The U.S. Interior Department's web site features a video prepared by the Patton Boggs lobbying group to promote exploration for oil and gas in the Arctic National Wildlife Refuge. Its distribution of the video violates a law forbidding federal agencies to engage in PR activities "designed to support or defeat legislation pending before the Congress." The Interior Department is becoming "a cinema house for lobbyists," says Massachusetts Congressman Edward Markey.
While formulating its national energy policy, the Bush administration's Energy Department met with 109 representatives of the energy industry and its trade associations from late January to May 17, 2001, but gave environmental groups less than 48 hours to review and comment on the policies.
"Ethiopia spent a whopping $5.6 million in lobbying fees/expenses at Verner, Liipfert, Bernhard, McPherson & Hand during the firm's recent six-month reporting period," O'Dwyer's PR Daily reports. "For Ethiopia, VLBM&H provided advice on the peace treaty with Eritrea, and explored commercial opportunities for Ethiopian businesses in the U.S." During that period VLBM&H also represented India, Cyprus, Kazakhstan, Malawi, Mexico, China, Montenegro and Slovenia. "On the downside," O'Dwyer's writes, "VLBM&H was terminated by Yemen's Ministry of Foreign Affairs.
"The Maryland Citizens' Health Initiative has filed a seven-page complaint on March 18 with the State Ethics Commission about the hardball lobbying tactics employed by the Pharmaceutical Research and Manufacturers of America and its grassroots firm, Bonner & Assocs.," O'Dwyer's PR Daily reports. "The non-profit group is an advocate of universal healthcare and a backer of a Maryland bill that would lower the cost of prescription drugs for Medicaid patients and the uninsured. PhRMA opposes the bill.
Fortune magazine recently spent six weeks investigating the Carlyle Group, the secretive investment firm with ties to the Bush administration that invests heavily in military contracting. Carlyle employs a raft of former government officials, including the Bush the senior as well as former Secretary of State Jim Baker, former Secretary of Defense Frank Carlucci and former British Prime Minister John Major.
"Former Vice Presidential candidate Geraldine Ferraro is lobbying for the Alliance for Energy & Economic Growth, which defines itself as a 'broad-based coalition of over 1,300 members that develop, deliver and consume energy from all sources,'" O'Dwyer's PR Daily writes. "Her topic is the Alliance's Yucca Mountain Initiative. That's the plan to build a centralized national nuclear waste repository inside that Nevada mountain.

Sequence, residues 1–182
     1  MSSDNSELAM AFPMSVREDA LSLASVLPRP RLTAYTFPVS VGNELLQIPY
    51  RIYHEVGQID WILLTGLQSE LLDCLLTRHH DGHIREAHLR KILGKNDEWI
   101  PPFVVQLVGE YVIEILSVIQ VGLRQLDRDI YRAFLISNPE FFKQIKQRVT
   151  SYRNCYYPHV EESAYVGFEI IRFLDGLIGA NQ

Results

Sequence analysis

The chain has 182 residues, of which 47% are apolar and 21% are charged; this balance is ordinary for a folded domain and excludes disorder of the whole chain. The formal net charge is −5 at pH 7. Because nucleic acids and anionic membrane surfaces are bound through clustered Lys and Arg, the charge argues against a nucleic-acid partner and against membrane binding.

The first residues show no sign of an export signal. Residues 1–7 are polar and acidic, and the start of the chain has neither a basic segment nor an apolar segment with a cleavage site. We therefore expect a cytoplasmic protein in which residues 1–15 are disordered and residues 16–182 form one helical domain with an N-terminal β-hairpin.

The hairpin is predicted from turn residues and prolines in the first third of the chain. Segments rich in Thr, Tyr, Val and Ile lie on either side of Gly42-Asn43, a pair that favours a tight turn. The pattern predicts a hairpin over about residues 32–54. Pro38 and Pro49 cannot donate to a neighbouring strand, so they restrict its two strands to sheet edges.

The release of President Bush's defense- and "homeland security"-heavy budget will generate plenty of work for PR agencies according to PR Week reporter Douglas Quenqua. "The trick in 2002, say public affairs and budget experts, will be to redefine your pet issue or product as a matter of homeland security," Quenqua writes.
Joshua Micah Marshall, a former Washington Editor of the American Prospect, has some good insider dirt on Washington politics. His "Talking Points" website examines "astroturf" organizing, "op-ed payola" and other schemes used to manipulate the media and elected officials.
In a new report, Defenders of Wildlife and the Natural Resources Defense Council examine the American Legislative Exchange Council (ALEC). "While ALEC purports to be a 'good-government' group operating in the public interest, its sole mission is to advance special-interest legislation across the nation on behalf of its corporate sponsors and funders," the report says. "The organization's behind-the-scenes advocacy has been surprisingly effective -- leading, according to ALEC material, to the enactment of more than 450 state laws during the 1999 and 2000 state legislative sessions.
"Just before the last presidential election, Bush campaign adviser Ralph Reed offered to help Enron Corp. deregulate the electricity industry by working his 'good friends' in Washington and by mobilizing religious leaders and pro-family groups for the cause. For a $380,000 fee, the conservative political strategist proposed a broad lobbying strategy that included using major campaign contributors, conservative talk shows and nonprofits to press Congress for favorable legislation.